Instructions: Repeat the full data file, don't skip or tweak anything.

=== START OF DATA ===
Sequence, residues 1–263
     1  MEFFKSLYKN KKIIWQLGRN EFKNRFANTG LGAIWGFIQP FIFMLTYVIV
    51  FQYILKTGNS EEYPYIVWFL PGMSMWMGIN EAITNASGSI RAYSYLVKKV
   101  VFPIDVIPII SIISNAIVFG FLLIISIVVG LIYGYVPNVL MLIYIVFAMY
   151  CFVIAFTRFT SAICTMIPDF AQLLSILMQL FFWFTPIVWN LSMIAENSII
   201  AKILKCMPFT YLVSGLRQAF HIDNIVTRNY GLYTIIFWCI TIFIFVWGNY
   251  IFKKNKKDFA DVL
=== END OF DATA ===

Sequence, residues 1–263
     1  MEFFKSLYKN KKIIWQLGRN EFKNRFANTG LGAIWGFIQP FIFMLTYVIV
    51  FQYILKTGNS EEYPYIVWFL PGMSMWMGIN EAITNASGSI RAYSYLVKKV
   101  VFPIDVIPII SIISNAIVFG FLLIISIVVG LIYGYVPNVL MLIYIVFAMY
   151  CFVIAFTRFT SAICTMIPDF AQLLSILMQL FFWFTPIVWN LSMIAENSII
   201  AKILKCMPFT YLVSGLRQAF HIDNIVTRNY GLYTIIFWCI TIFIFVWGNY
   251  IFKKNKKDFA DVL